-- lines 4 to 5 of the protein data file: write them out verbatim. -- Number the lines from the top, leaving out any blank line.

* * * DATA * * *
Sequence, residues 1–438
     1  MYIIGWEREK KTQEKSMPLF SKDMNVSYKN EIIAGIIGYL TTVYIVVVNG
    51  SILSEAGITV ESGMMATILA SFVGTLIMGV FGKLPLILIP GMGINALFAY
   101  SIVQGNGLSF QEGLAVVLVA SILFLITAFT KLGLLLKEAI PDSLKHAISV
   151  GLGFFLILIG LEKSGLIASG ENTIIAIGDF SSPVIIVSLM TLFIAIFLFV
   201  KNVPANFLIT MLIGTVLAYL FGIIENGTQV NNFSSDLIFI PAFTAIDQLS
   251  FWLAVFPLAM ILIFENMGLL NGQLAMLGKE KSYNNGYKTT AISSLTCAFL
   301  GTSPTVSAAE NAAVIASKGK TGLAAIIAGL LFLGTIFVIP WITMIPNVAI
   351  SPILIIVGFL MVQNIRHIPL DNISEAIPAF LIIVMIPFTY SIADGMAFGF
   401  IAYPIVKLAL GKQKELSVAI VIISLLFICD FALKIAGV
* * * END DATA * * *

   101  SIVQGNGLSF QEGLAVVLVA SILFLITAFT KLGLLLKEAI PDSLKHAISV
   151  GLGFFLILIG LEKSGLIASG ENTIIAIGDF SSPVIIVSLM TLFIAIFLFV